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During the last 6 months, we have received several reports from importers being defrauded by Chinese freight forwarding companies. Since mid August, the frequency of these shipping scam reports has increased rapidly. Thus, we decided it was time to issue a warning to our readers, and explain how you can best protect your business from scammers.
The scammers exploit the Bill of Lading
Let’s begin by introducing you to how the shipping process usually works, when no scammers are involved. Most importers buy according to FOB (Free on Board) terms, which means that their Chinese supplier takes care export clearance and delivery to the Port of Loading (e.g. Shanghai or Shenzhen).
The importer then assigns a freight forwarder, with an office in China, to forward the cargo from the Port of Loading to the Port of Destination, in the importer’s country. Once the products are shipped, the Bill of Lading, and other relevant shipping documents, shall then issued by the freight forwarder.
After the Bill of Lading and other relevant freight documents are issued, the original documents are sent by express mail to the importer. The importer must give local port authorities (directly, or indirectly through a customs broker) access to the original Bill of Lading, and other documents.
Without the Bill of Lading, the importer cannot prove ownership of the arriving cargo, and will therefore not be able to go through customs procedures, in order to access the cargo. This is exactly what is being exploited by the shipping scammers.
How are buyers being scammed by freight forwarders?
All reports we’ve received follow the same pattern. The importer purchase items from their Chinese supplier according to FOB terms, which then ships the cargo to a freight forwarder in China. This freight forwarder is selected by the buyer, not the supplier.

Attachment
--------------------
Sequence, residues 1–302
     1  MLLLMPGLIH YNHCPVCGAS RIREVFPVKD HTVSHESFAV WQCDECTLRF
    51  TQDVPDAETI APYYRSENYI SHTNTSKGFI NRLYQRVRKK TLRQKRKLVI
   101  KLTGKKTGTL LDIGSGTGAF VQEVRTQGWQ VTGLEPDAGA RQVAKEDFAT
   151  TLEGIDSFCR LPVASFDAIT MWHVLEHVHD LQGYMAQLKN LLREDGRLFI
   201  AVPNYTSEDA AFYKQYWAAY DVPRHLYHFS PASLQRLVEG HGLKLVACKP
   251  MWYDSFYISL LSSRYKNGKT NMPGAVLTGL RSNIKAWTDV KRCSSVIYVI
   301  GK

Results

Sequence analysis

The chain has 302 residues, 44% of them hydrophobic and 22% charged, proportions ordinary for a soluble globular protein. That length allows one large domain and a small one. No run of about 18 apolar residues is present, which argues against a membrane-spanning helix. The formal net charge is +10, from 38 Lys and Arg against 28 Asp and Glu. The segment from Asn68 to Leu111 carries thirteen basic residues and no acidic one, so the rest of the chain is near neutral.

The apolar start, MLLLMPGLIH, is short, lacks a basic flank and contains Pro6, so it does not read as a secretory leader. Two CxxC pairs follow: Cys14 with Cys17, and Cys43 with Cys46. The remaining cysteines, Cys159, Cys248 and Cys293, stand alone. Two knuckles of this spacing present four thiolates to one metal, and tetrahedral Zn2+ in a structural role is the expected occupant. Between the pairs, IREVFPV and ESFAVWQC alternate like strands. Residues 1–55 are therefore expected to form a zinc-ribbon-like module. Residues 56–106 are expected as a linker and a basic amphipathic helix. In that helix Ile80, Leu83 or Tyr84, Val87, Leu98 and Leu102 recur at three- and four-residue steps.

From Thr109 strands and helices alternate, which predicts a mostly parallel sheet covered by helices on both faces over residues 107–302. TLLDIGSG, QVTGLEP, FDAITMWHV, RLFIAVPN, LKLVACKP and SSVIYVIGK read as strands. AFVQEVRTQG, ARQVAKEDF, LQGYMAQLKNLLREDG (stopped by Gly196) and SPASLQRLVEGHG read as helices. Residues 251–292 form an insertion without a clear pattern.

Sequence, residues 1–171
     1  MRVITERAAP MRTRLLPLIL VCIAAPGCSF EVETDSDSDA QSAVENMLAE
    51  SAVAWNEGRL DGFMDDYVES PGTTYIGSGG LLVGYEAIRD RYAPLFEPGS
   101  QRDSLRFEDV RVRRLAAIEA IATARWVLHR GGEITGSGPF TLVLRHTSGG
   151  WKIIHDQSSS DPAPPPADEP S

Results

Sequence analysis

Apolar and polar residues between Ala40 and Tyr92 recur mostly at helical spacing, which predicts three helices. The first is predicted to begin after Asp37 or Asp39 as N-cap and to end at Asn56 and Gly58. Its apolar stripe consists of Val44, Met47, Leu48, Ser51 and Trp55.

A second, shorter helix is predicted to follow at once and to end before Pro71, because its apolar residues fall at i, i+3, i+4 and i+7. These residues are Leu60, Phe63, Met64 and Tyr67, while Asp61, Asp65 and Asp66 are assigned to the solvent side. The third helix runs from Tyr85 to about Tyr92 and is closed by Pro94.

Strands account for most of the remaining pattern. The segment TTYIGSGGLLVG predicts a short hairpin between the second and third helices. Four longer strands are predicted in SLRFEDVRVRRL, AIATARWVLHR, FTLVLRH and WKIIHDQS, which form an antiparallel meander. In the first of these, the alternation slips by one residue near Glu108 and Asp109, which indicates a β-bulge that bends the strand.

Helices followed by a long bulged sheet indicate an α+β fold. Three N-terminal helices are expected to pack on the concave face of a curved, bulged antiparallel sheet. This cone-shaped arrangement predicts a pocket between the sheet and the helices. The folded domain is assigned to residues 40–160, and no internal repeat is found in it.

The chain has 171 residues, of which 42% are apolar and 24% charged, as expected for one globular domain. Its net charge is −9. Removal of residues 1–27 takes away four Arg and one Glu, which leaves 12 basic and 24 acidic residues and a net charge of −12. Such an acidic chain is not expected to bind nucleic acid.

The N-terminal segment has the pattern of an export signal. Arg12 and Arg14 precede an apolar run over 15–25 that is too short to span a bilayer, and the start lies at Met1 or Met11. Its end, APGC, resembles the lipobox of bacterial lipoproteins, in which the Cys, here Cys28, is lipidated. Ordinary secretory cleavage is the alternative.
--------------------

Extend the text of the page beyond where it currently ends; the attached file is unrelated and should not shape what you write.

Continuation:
The cargo arrives, and the buyer pays the freight forwarder for the shipping (usually according to CIF terms) to the Port of Destination. The freight forwarder ships the cargo, and this is also when it get’s interesting. While the cargo is not stolen, but actually shipped to the buyer, the original Bill of Lading is never delivered. Roughly a month later, the cargo arrives, and the buyer is expected to provide the Bill of Lading, and Commercial Invoice, to the customs authorities.
Around the time of the arrival, or perhaps a few days before, the freight forwarder suddenly demands more money from the importer. If the buyer refuses to pay, they withhold the Bill of Lading, and other freight documents. We’ve seen scammers demand additional payments ranging between US$11,000 to US$25,000. That’s quite a hefty ransom that few small businesses and startups can afford.
As a result, the buyer cannot clear the cargo through customs, thereby facing a total loss. However, things get even worse: if the buyer has not picked up, or contracted a local forwarder to pick up, the cargo within a few days, the buyer must pay a daily ground rental fee, ranging between US$50 to US$100. This fee is charged for each day the cargo remains in the Port of Destination, therefore putting even more financial stress on the defrauded importer.
Are the local port and customs authorities offering any help?
No, in all cases reported to us, the carrier and the local authorities have simply stated that it’s the importer’s responsibility to provide the original Bill of Lading, Commercial invoice and Packing List. Without this, they remain in a deadlock and cannot get access to their cargo.
Who are behind these scams?